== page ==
Fall guy’s still standing
Lee Majors is 69, but definitely not over the hill, writes Colin Vickery
DON’T call Lee Majors old. Sure, he’s 69, a grandfather, has a TV career spanning more than 40 years, and has survived heart bypass surgery, but right now he’s happily married to a woman 35 years his junior, is busy travelling the globe and is set to receive a special Emmy Award.
Majors is in Melbourne to promote kids’ telemovie Ben 10: Race Against Time and has just celebrated the 34th birthday of his wife, Faith Noelle Majors.
The pair started dating 14 years ago and were married in November 2002 in the Italian resort city of Positano.
It was Majors’ fourth marriage. Former spouses were Kathy Robinson (1961-64), the famous pairing with Charlie’s Angels star Farrah Fawcett (1973-1982) and Playboy bunny Karen Velez (1988-1994).
The Six Million Dollar Man star clearly likes marriage. Six years and still going strong should silence any of the doubters who questioned the age difference between he and Faith.
‘‘This one’s the keeper,’’ he says. ‘‘God sent me an angel. I’m very fortunate. She’s kept me young.’’
Majors plays down his 2003 heart scare, which required bypass surgery.
‘‘I had a 70 per cent blockage, which today is pretty normal. Now I’m in great shape. I’m back to the same weight I was in The Fall Guy and I’m still active and doing great.’’
Majors has starred in some of US television’s most successful early series including The Big Valley (as Heath Barkley) and Owen Marshall: Counselor at Law (as Jess Brandon), but it was The Six Million Dollar Man (as Col Steve Austin) and The Fall Guy that brought him international superstardom.
Playing Austin in The Six Million Dollar Man made Majors one of the leading popculture icons of the 1970s. Thirty years later the show screens around the world to a new generation of admirers.
‘‘It (the popularity) has really surprised me,’’ he says. ‘‘I’ve been doing a lot more independent films over the past 10 years and a lot of the people who work on them bring in Six Million Dollar Man dolls or lunchboxes that they had when they were kids for me to sign.
‘‘You feel a little old, but then you realise that the show really had an impact on a lot of in divorce, Majors recalls their time together with fondness.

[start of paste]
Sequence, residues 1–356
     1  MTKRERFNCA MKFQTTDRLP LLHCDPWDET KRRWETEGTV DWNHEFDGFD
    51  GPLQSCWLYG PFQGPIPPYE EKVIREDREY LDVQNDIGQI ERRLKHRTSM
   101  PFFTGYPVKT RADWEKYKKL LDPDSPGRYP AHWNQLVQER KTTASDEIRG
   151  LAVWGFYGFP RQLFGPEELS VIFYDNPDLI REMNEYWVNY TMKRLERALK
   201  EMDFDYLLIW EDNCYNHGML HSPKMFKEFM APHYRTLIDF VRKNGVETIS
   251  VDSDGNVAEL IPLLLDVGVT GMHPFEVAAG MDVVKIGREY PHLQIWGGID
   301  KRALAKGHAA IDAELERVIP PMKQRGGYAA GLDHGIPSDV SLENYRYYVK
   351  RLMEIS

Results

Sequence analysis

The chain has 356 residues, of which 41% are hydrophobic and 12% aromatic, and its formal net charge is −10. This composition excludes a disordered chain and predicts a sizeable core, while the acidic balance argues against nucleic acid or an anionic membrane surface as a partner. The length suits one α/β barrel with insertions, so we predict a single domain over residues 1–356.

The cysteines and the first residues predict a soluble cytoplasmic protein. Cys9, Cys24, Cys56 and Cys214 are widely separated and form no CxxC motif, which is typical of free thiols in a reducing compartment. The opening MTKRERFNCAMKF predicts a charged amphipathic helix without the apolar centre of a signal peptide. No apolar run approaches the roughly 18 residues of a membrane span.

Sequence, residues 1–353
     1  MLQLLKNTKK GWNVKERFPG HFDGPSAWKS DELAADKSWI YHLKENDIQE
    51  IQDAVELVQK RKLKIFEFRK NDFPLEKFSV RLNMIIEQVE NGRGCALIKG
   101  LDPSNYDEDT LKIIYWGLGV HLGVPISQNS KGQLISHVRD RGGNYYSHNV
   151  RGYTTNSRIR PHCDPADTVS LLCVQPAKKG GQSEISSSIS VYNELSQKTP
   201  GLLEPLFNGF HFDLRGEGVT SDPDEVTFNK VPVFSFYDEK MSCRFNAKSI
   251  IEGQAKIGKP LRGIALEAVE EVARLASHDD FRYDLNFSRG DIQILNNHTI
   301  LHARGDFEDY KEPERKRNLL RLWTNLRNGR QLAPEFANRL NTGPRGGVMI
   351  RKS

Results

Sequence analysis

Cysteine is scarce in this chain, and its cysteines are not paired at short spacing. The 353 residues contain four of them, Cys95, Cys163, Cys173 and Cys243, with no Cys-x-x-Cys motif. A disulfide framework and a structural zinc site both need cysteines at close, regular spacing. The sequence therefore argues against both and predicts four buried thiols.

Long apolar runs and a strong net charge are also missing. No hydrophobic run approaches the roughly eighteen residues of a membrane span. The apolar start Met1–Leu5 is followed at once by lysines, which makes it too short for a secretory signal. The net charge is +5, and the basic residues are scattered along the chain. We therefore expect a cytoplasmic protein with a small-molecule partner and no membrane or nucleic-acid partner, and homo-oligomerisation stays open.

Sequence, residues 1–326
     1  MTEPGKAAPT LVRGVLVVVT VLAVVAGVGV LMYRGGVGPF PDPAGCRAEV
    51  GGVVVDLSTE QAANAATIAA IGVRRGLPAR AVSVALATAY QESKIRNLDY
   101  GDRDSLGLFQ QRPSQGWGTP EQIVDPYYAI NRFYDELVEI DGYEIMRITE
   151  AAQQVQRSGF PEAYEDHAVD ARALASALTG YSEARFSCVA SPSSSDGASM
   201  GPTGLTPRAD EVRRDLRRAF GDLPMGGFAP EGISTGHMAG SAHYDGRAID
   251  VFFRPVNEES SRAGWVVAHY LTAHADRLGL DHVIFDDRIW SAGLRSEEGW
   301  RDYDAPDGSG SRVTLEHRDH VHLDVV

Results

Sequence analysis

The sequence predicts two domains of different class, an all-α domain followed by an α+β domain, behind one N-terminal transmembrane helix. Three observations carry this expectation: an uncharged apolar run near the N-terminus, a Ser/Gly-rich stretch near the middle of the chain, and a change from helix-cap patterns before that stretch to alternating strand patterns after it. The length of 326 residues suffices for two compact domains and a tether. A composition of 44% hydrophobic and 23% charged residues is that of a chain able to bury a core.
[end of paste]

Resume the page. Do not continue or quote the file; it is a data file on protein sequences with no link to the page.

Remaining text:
‘‘We had a lot more fun and it was a lot more peaceful time back then,’’ he says.
‘‘With the internet age, it’s ridiculous as far as the bad-media press— the paparazzi. Half of these kids are on the red carpet to rehab because they go out one night and everything they do is on the internet the next morning. They have no privacy. It’s a tough business right now.’’
PLAYING Grandpa Max in Ben 10: Race Against Time has been a change of pace for Majors. It is his first grandfather role. ‘‘I enjoy working with kids and I’ve had enough of the hardware and explosions and stunts,’’ he says. ‘‘On Ben 10 the kids did most of the running and jumping and I just had to follow them around. They love Grandpa Max. He takes Ben and his cousin Gwen on vacations in his old mobile home, which he calls ‘the rust bucket’ and it’s very funky.
‘‘I have a couple of grandkids (he has one son, Lee Majors II from his first marriage) and they’re at the age where they enjoy this sort of movie. It was fun to do it for them.’’ Ben 10: Race Against Time Cartoon Network, Saturday, 6pm Adventures of a young superhero Duration: 90 minutes people, which was good because it was a good show for kids at the time.’’
Majors is highly critical of the current wave of television shows, especially those aimed at children and teenagers, and he lays a lot of the blame for the spate of dark, violent programs on the rise of video games.
‘‘I grew up with cowboys and Indians and The Six Million Dollar Man was a clean show. There was a happy ending, and there wasn’t a lot of blood shown.
‘‘They tried to do The Bionic Woman recently and it failed miserably because it was too dark. The girl (Michelle Ryan played Jaime Sommers in the part made famous by Lindsay Wagner) wasn’t very likable. She just wanted to kick ass all the time.’’
Majors and Fawcett were the Brad and Angelina of their time — two major stars in a high-profile marriage — but despite it ending
Young at heart:
Lee Majors with fourth wife Faith, who is 35 years his junior.